Aim: To generate further experience about the practicability of the recommended holistic therapy for venous leg ulcers.
Methods: 63 patients (Germany, Italy, Austria) were treated for 12 weeks in daily medical practice with a therapy concept including phase-adapted moist wound dressings, microbe-binding wound dressings and compression bandages in the initial oedema phase, followed by a compression stocking system with high stiffness characteristics.
Findings: 85% of all wounds reduced in size significantly; 53% of all wounds healed completely within 12 weeks. The patients' well-being was substantially improved leading to high compliance. As the majority of patients had not experienced any progress in healing for extended periods of time due to their complicated health situation or ineffective treatment the results were rated very positively by patients and physicians.
Conclusion: Holistic therapy concepts offer significant advantages and can successfully be implemented in daily practice independent of national or local wound care traditions.
A random prospective pilot study of Sorbact versus Acticoat versus Silverlon for the treatment of burn wounds in a South African adult burns unit : general reviewSource: Wound Healing Southern Africa 8, pp 43 –52 (2015)More Less
The Tygerberg adult burns unit is a level three provincial service for severe burns. Burn patients of 12 years or older are admitted. Annually about 300 patients are treated, of which 110 would be intensive care admissions. The burn unit has bed capacity for 22 patients, of which 6 are intensive care and the rest ward beds. Adequate operating time is available to optimally manage about 50% of the patients weekly. During the colder periods from April to September management of patients is compromised due to the severe workload demands and lack of resources.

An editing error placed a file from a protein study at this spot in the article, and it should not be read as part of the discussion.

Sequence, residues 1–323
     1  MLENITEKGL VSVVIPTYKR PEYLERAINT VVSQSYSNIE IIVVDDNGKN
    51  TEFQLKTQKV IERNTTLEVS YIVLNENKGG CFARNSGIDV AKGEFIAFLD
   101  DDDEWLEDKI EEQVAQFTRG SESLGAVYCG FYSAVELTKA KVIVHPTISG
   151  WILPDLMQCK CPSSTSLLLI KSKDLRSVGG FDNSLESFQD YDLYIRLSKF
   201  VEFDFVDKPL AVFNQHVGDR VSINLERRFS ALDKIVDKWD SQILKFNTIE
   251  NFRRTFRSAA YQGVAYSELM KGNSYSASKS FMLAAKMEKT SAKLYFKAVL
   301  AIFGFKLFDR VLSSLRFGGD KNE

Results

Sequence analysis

A random prospective non-controlled clinical study of Cutimed Sorbact® as a skin substitute for the treatment of partial thickness burn wounds in a South African adult burns unit : clinical studySource: Wound Healing Southern Africa 8, pp 54 –58 (2015)More Less
Author L. NaudeSource: Wound Healing Southern Africa 8, pp 56 –60 (2015)More Less
Foot ulcerations are the most common complications associated with the patient living with diabetes worldwide, and South Africa is no different. Several total contact casing methods worldwide are available. The description of the application of a total contact cast (TCC) with plaster bandage (Gypsona®), as described in Levin and O'Neal's The Diabetic Foot is probably the most well known. Undisputedly, total contact casing is regarded as the gold standard offloading method used for the rapid healing of neuropathic plantar foot ulcers. Numerous studies and papers indicates its effectiveness. Unfortunately, total contact casing is still underused in the South African environment and other offloading devices, such as felt padding in shoe inserts, are used primarily. Several reasons for this have been discussed with peers and other healthcare professionals. The most common seems to be "the fear of failure". Health professionals are uncertain as to how to apply the TCC, and are worried that they will cause more harm than good. From this, it is clear that guidance and education are needed, including skills training, in order to change this perception. It has been shown in several studies that total contact casing is safe for the patient in skilled hands.